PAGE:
The issue that won’t go away

Supervisors again struggle with marijuana laws

The members of the Butte County Board of Supervisors are tired of talking about medical marijuana. It’s the issue that won’t go away.

Now, five years after they began trying to come up with an ordinance acceptable to all stakeholders—five years filled with numerous noisily contentious hearings and competing ordinances and ballot measures—they’re no closer to clarity.

Their weariness was evident at the beginning of yet another marijuana-related discussion at their meeting Tuesday (Sept. 27). “We should try to get along and politely debate after the [staff] presentation,” board Chairman Bill Connelly implored, sounding as if another nasty free-for-all was more than he could take.

Fortunately for him, the discussion was educational only; no action was to be taken, so no fighting was called for.

The discussion centered around a report prepared mostly by Casey Hatcher, of the administration staff, with the participation of numerous department heads. It was prepared in response to an earlier request by the board for an analysis of the potential impact of two marijuana-related items on the Nov. 8 ballot.

One was state Proposition 64, which would legalize adult use, sales and cultivation of recreational pot. The other was Measure L, a local initiative sponsored by a coalition of medi-pot patients and growers led by the Inland Cannabis Farmers’ Association. In June, the group submitted more than 10,000 signatures to qualify the measure for the ballot.

Hatcher’s very thorough 25-page report tried to answer three questions: What if only Prop. 64 passes? What if only Measure L passes? And what if both pass?

Prop. 64, the Adult Use of Marijuana Act, is structurally similar to the current ordinance governing medical marijuana in Butte County, Hatcher explained. Its most significant provision would extend the right to grow and use pot now available only to medical-marijuana patients to all adults. They would be allowed to possess up to an ounce of the herb and cultivate as many as six plants for personal use.

The county could require that these plants be grown indoors or in locked outdoor buildings. It also would be able to restrict or prohibit commercial pot businesses such as dispensaries, and it would be allowed to tax those enterprises it permitted.

Chief Administrative Officer Paul Hahn assured the supervisors that “a great deal of local control is still in your hands” under Prop. 64. However, they will have to deal with the matter of the six-plant exemption, inasmuch as the current ordinance doesn’t allow indoor grows or grows on more than 50 square feet on parcels smaller than 5 acres.

Measure L is “a different animal” and “a game changer,” Hahn said. As Hatcher explained, it would permit the commercial growing of medical marijuana in nearly every zone in Butte County, allow up to 100 square feet for individuals’ grows and 500 square feet for up to five patients. No other restrictions would apply for personal cultivation, such as residency, permitted residences with water and wastewater sources, or setbacks and fencing.

County voters would be able to authorize the taxation of licensed commercial pot enterprises and the county could adopt user fees for them. In Colorado, which legalized marijuana in 2013, total tax revenue in FY 2014-15 was $82.1 million.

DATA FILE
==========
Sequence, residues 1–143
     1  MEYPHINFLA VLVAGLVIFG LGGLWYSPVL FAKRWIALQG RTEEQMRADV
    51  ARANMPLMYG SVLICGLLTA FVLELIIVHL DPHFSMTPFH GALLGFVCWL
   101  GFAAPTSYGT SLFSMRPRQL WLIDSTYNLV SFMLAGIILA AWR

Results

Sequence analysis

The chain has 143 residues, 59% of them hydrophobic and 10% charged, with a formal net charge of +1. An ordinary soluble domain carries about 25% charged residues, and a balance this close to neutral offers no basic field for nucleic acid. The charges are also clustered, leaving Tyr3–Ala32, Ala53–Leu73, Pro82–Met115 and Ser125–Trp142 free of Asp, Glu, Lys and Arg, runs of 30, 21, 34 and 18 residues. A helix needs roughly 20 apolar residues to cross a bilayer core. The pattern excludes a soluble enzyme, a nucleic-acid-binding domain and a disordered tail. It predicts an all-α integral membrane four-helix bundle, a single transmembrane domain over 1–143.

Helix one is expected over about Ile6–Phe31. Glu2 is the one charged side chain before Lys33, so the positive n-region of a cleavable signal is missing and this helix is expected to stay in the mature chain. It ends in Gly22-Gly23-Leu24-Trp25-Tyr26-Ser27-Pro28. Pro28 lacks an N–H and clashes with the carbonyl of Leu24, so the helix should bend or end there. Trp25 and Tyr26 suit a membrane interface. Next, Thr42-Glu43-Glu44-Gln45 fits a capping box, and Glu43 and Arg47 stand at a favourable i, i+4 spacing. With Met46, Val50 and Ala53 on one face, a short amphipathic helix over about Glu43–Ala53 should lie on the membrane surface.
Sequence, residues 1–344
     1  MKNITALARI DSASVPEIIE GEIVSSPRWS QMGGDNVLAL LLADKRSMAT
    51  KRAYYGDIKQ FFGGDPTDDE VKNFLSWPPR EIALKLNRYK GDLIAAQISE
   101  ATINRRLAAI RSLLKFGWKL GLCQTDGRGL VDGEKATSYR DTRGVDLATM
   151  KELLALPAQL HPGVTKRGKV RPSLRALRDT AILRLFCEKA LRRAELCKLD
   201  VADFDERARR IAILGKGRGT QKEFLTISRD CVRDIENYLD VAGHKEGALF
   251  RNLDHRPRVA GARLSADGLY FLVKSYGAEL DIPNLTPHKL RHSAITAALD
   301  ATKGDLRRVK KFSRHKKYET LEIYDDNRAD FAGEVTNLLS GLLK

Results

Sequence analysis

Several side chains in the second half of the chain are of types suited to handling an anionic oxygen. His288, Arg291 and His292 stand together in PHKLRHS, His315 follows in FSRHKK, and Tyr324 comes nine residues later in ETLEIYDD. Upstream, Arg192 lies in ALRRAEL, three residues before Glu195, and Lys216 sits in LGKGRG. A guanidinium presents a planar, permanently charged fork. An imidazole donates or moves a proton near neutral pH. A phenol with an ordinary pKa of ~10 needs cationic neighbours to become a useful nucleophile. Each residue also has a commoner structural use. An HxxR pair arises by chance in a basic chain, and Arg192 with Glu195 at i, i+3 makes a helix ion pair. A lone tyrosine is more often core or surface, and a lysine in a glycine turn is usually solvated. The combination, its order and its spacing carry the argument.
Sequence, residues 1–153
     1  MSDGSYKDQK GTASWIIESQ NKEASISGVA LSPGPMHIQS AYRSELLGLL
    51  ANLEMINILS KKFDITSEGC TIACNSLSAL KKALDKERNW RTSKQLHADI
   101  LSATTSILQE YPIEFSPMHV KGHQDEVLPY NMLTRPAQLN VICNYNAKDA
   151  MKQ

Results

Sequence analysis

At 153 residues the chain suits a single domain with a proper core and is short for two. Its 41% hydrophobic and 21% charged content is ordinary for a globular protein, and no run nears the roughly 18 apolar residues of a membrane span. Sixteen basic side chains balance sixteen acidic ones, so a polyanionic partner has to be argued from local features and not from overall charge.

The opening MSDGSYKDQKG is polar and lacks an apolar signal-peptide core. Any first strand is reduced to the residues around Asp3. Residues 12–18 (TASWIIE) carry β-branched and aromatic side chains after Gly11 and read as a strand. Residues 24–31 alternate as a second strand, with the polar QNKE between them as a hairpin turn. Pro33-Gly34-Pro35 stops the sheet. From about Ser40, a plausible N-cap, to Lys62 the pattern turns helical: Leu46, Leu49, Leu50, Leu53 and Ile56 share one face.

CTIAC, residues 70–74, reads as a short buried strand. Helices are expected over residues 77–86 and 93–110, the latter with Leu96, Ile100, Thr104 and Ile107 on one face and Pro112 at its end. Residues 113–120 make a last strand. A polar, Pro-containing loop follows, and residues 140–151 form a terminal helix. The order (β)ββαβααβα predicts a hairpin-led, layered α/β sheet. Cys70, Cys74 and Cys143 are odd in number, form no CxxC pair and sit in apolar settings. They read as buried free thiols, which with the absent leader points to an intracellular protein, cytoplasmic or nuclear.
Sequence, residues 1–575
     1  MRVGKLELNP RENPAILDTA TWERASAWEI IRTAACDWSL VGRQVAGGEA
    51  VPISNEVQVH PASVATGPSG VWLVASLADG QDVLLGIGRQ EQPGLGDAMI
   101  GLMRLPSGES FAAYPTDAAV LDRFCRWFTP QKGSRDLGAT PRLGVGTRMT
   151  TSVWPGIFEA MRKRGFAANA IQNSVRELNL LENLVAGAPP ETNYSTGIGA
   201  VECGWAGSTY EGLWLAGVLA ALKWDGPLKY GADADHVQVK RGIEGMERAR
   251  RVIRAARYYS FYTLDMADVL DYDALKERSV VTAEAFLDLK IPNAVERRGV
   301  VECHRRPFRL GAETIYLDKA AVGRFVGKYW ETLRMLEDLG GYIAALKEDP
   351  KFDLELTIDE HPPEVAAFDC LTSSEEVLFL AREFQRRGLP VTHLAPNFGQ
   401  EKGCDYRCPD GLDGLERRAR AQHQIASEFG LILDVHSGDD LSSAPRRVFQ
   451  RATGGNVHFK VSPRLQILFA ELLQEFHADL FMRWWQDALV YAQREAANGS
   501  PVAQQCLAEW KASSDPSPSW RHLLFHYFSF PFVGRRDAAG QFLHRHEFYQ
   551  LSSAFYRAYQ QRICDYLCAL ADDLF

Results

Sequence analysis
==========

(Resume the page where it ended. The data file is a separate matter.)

However, Colorado has found that it has created a “gray market” in which legal and illegal pot are mixed, legally grown pot is sold out of state, and burglaries and robberies of marijuana businesses have increased—though this last assertion is belied by statistics from a March 2016 study by the Colorado Department of Public Safety showing that the number of industry-related burglaries are relatively few, and robberies even rarer.

Measure L’s provisions are also confusing and inconsistent, Hatcher stated. County Counsel Bruce Alpert agreed, stating that it would be “very hard to enforce Measure L. It would create costly litigation on many, many levels with no ending.”

Butte County officials historically have opposed liberalizing marijuana laws, and to some extent the report, as even-handed as it is, reflects that leaning. It should be noted, though, that the officials are in synch with county voters, who approved 2014’s Measure A tightening pot regulations with 60 percent of the vote.

“As long as marijuana is illegal in other states, there will be a black market,” Jessica MacKenzie, executive director of the cannabis farmers’ group, told the board. But that doesn’t mean we should go backward, she added.

In an interview during a break in the meeting, she noted that collectively we’re in the early stages of figuring out how to handle marijuana, but that the movement is steady toward greater acceptance of legalization, regulation and taxation. Financially, socially and morally, it makes sense to stop putting people in prison for marijuana, she said.

Supervisor Larry Wahl wanted the board to go on record immediately in opposition to Measure L. Its authors, he said, “should be ashamed of themselves. It’s not going to work, and it’s going to cost a lot of money.”

Alpert reminded the board that the item hadn’t been agendized. “You can oppose it individually, but not collectively as the board,” he said. The supervisors voted unanimously to add it to an upcoming agenda.

One could almost hear them muttering, “Not again.”